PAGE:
During his presidential campaign Donald Trump proposed the “extreme vetting” of immigrants. Civil libertarians criticized the proposal, not least because the Extreme Vetting Initiative mandated by one of President Trump’s first executive orders sought technology that would use machine learning to determine whether visa applicants would be likely to contribute to society and the national interest. Fortunately, Immigration and Customs Enforcement (ICE) – is no longer pursuing this vetting technology.

In January 2017 President Trump issued Executive Order 13769, which stated in part (emphasis mine):

Sec. 4. Implementing Uniform Screening Standards for All Immigration Programs. (a) The Secretary of State, the Secretary of Homeland Security, the Director of National Intelligence, and the Director of the Federal Bureau of Investigation shall implement a program, as part of the adjudication process for immigration benefits, to identify individuals seeking to enter the United States on a fraudulent basis with the intent to cause harm, or who are at risk of causing harm subsequent to their admission. This program will include the development of a uniform screening standard and procedure, such as […] a process to evaluate the applicant’s likelihood of becoming a positively contributing member of society and the applicant’s ability to make contributions to the national interest; and a mechanism to assess whether or not the applicant has the intent to commit criminal or terrorist acts after entering the United States.

The Extreme Vetting Initiative tasked with implementing (among things) this feature of Trump’s executive order, included the following in its statement of objectives:

ICE must develop processes that determine and evaluate an applicant’s probability of becoming a positively contributing member of society as well as their ability to contribute to national interests in order to meet the EOs outlined by the President.

A background document on the initiative outlined requirements, including the exploitation of publicly available information found on blogs, social media, academic websites, and other online sources. The same backgrounder went on to state that the goal was for the initiative to generate 10,000 investigatory leads each year.

Earlier this year dozens of computer scientists, mathematicians, and engineers wrote a letter to then-Acting Secretary of Homeland Security Elaine Duke, outlining the numerous issued associated with the Extreme Vetting Initiative. As I noted in November last year, the letter highlighted that ICE’s proposal would likely be discriminatory as well as unreliable. From the letter:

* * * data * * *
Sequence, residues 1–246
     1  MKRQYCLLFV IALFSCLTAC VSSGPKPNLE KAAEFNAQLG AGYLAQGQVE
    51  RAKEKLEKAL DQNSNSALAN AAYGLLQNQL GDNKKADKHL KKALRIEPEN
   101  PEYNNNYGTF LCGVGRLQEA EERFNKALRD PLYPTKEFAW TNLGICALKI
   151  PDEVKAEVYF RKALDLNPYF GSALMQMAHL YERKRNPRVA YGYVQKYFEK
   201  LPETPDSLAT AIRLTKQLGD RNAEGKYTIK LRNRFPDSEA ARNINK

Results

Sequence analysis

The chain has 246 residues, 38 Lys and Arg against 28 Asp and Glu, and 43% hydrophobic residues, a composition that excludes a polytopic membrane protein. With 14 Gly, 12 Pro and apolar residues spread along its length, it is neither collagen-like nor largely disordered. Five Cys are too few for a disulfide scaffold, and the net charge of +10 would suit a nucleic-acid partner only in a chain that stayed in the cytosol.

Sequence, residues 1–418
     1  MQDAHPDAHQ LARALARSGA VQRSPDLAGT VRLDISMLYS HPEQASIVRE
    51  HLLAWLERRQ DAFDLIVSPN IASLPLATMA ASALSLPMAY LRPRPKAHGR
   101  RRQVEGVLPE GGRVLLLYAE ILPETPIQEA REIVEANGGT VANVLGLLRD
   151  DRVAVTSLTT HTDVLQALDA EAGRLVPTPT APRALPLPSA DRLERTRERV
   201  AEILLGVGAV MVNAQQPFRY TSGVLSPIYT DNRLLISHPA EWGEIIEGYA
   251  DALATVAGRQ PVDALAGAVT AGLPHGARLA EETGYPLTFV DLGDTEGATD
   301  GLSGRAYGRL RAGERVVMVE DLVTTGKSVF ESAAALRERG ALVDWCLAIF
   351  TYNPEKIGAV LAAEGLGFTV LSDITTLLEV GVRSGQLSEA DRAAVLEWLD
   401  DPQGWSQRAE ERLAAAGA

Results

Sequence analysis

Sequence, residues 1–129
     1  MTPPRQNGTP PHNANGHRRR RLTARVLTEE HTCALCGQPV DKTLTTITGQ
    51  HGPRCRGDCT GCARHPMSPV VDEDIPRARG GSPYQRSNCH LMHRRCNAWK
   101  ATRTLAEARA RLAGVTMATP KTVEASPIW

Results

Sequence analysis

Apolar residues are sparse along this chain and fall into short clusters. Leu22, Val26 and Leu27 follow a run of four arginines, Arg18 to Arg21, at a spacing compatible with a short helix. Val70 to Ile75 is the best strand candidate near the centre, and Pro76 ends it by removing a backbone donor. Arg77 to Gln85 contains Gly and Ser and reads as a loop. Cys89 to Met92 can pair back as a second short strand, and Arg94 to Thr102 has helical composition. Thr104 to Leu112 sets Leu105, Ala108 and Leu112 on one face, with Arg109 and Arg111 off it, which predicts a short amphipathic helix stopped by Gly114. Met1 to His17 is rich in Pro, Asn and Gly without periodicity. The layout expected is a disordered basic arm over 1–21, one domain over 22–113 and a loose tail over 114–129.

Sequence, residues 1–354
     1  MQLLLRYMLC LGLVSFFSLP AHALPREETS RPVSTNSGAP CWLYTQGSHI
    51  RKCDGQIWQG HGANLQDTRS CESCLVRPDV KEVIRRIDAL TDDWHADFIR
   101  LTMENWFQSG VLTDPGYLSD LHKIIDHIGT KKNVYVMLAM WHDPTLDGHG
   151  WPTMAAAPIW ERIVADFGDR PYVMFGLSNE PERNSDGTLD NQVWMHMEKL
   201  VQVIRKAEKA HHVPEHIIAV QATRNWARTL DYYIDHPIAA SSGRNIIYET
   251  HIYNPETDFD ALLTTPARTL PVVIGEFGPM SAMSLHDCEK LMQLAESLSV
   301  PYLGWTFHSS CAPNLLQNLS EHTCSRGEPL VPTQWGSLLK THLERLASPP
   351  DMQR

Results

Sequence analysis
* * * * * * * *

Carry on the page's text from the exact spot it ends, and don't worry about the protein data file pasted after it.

According to its Statement of Objectives, the Extreme Vetting Initiative seeks to make “determinations via automation” about whether an individual will become a “positively contributing member of society” and will “contribute to the national interests.” As far as we are aware, neither the federal government nor anyone else has defined, much less attempted to quantify, these characteristics. Algorithms designed to predict these undefined qualities could be used to arbitrarily flag groups of immigrants under a veneer of objectivity.

Inevitably, because these characteristics are difficult (if not impossible) to define and measure, any algorithm will depend on “proxies” that are more easily observed and may bear little or no relationship to the characteristics of interest. For example, developers could stipulate that a Facebook post criticizing U.S. foreign policy would identify a visa applicant as a threat to national interests. They could also treat income as a proxy for a person’s contributions to society, despite the fact that financial compensation fails to adequately capture people’s roles in their communities or the economy.

For more information on the Extreme Vetting Initiative, including original ICE documents, visit the Brennan Center for Justice’s resource page.

CBP Drones: Inefficient and a Threat to Privacy

My colleague David Bier and I have written a policy brief on the unmanned aerial vehicles (UAVs) flown by Customs and Border Protection (CBP). We argue that CBP’s fleet of Predator B drones are a threat to the privacy of Americans living along the border and an inefficient tool for locating illegal border crossers and illegal drugs. In addition, state and local use of these UAVs mean that American living in the interior are also at risk of being the target of warrantless surveillance.

Predator B drones may have a reputation as highly efficient military tools, but on the homefront they’ve proven inefficient at contributing to border security. For instance, in the last few years CBP’s predator drones have contributed to less than a percent of illegal border crosser apprehensions at a cost of $32,000 per arrest. When it comes to marijuana seizures, the drone fare little better, being responsible for about 3 percent of marijuana seizures in the same time period.

These inefficient UAVs pose a threat to Americans living along the border and in the interior. State and local law enforcement can request CBP drones for assistance. In fact, the first domestic law enforcement use of UAV to assist an arrest was in 2011, when police in North Dakota requested the use of a CBP Predator. Thanks to three Supreme Court cases from the 1980s warrantless aerial surveillance does not run afoul of the 4th Amendment. While some states have passed warrant requirements for UAVs, it’s not clear whether CBP adheres to state warrant requirements when acting on the behest of state and local law enforcement.